What exactly has Victor done wrong? Most of us create life, albeit by a familiar and all-too-easy method. This method requires two people, though it may not necessarily require two in the moral sense if sperm were somehow purloined, for example. Is it something in the method of creation which has taken Victor across an ultimate ethical line? This seems to be the case when he reflects on the innocence of his early Geneva days (p. 31):

I feel exquisite pleasure in dwelling on the recollections of childhood, before misfortune had tainted my mind, and changed its bright visions of extensive usefulness into gloomy and narrow reflections upon self. Besides, in drawing the picture of my early days, I also record those events which led, by insensible steps, to my after tale of misery: for when I would account to myself for the birth of that passion, which afterwards ruled my destiny, I find it arise, like a mountain river, from ignoble and almost forgotten sources; but, swelling as it proceeded, it became the torrent which, in its course, has swept away all my hopes and joys.

Natural philosophy is the genius that has regulated my fate . . . .
This is capable of a very orthodox religious interpretation: the creation of life except by the prescribed method is contrary to a primary rule made by God because it consists of arrogating his role and rights to ourselves. This interpretation seems to have been favoured by Mary Shelley in later years (she lived to be 54) in writings composed long after the death of her atheistical husband.

But it is hardly the sense of the story. The monster wants to live, but he is desperately lonely and expresses his loneliness with great eloquence. He craves love or, if not love, then at least companionship. He can't find it because he is eight foot tall and plug ugly. Had he been six foot tall and looked like Gregory Peck and proved well capable of pulling a nice barmaid called Heidi in one of Ingolstadt's many inns, then there wouldn't have been a problem on his own account: he might have popped round to see Victor from time to time to share a glass of schnapps and report on how he and Heidi were getting along.

The alternative version of Victor's sin is his failure to take responsibility for his creation. A coherent ethical account of obligation must say that we incur heavy obligations to any conscious creature we create (though none to a creator - whether God, Dad or Mum - since it is their choice and responsibility to create us, not ours). On the other hand, if your creation is evil, you have a wider responsibility (p. 165):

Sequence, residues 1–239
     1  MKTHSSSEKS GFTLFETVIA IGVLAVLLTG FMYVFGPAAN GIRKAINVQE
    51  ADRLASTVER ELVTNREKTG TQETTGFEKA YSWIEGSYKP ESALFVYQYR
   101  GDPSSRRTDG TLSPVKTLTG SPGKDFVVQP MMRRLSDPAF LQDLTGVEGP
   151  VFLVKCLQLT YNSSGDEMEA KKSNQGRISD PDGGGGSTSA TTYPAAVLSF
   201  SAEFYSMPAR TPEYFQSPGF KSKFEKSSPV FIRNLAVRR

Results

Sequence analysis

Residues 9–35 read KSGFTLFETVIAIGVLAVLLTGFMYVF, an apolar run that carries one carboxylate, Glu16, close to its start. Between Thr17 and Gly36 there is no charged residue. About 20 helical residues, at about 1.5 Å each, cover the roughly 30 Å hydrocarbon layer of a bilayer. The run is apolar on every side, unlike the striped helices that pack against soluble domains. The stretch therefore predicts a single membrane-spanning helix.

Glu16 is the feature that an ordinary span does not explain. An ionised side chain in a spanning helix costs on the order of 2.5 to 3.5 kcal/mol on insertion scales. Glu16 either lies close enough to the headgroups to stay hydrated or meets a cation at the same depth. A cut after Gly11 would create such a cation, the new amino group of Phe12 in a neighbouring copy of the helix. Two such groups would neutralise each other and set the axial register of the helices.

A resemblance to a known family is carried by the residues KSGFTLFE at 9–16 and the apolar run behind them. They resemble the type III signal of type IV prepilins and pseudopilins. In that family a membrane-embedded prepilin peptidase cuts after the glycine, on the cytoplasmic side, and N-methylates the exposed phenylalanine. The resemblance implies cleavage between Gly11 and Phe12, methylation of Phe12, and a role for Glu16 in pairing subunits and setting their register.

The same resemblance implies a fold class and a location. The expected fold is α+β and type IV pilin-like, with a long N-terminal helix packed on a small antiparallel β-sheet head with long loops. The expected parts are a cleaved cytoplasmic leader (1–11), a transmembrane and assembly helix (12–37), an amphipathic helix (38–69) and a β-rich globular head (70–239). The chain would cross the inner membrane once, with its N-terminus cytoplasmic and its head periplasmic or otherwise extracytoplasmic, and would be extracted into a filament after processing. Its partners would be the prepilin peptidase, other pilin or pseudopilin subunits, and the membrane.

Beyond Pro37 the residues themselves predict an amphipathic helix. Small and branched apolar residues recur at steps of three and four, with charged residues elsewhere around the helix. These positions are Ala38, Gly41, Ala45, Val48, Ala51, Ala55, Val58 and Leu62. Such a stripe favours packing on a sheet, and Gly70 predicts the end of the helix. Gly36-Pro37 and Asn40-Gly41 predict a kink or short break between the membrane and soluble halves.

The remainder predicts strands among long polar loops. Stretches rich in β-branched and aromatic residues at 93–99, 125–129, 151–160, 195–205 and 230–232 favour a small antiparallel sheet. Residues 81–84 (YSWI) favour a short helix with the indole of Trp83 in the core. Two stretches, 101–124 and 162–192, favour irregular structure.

During these last days I have been occupied in examining my past conduct; nor do I find it blamable. In a fit of enthusiastic madness I created a rational creature, and was bound towards him, to assure, as far as was in my power, his happiness and well-being. This was my duty; but there was another still paramount to that. My duties towards beings of my own species had greater claims to my attention, because they included a greater proportion of happiness or misery. Urged by this view, I refused, and I did right in refusing, to create a companion for the first creature.
I submit that Victor has reached a very high level of ethical incoherence at this point. He is, surely, "blamable" (sic) because the creature's "evil" is caused by his rejection. Though it cannot be said that Victor rejected him personally because what happened immediately at his creation is that the monster ran off and Victor fell ill. A more interesting version might have described Victor trying to exercise the responsibility of a creator rather than being haunted later by a monster who has already turned bad.

In many respects, of course, it is ridiculous to carp at the ethical coherence of Frankenstein. It was a novel started by an 18-year-old girl, which was published when she was 21. There may have been some contribution from her brilliant husband (who spoke of it as if it were at least jointly authored), but if your 18-year-old daughter or mine had written a work so visionary, imaginative, eloquent and informed we would not be so much proud as incredulous.

In the age of mass media and compulsory education it is absolutely inconceivable that a girl could be as educated as Mary Shelley was. It was, after all, a high period of intellectual life and she was its crème de la crème, the daughter of William Godwin and Mary Wollstonecraft, the wife of Percy Shelley, the friend of Byron etc. You would probably have been less impressed that she had become pregnant at 15, and run off to marry a notorious poet, possibly bigamously and allegedly in a threesome.

Like many people I have much sympathy for the poor old monster. It's the metaphor which I would like to see dismembered and frozen in the arctic wastes. The monster is religion, he is science, he is the working class, nationalism, robots, computers, nuclear bombs, clones, drug enhanced athletes, international institutions . . . . Anything we might be said to "create", either individually or collectively, which carries the risk of harm to ourselves and others, the poor old monster can be said to represent.

In other words, pretty well anything for which we have any responsibility. Thus the ocean of monster-babble. He's a good insight into psychopaths and for feminists he can demonstrate the futility of an all-male creation or the crassness of (male) science. In other words you can employ the monster-metaphor in pretty well any field and for any purpose, but he's too vague and too incoherent to carry you very far.

Lincoln Allison has recently retired as Reader in Politics, University of Warwick. His previous Retrospective Reviews can be read here.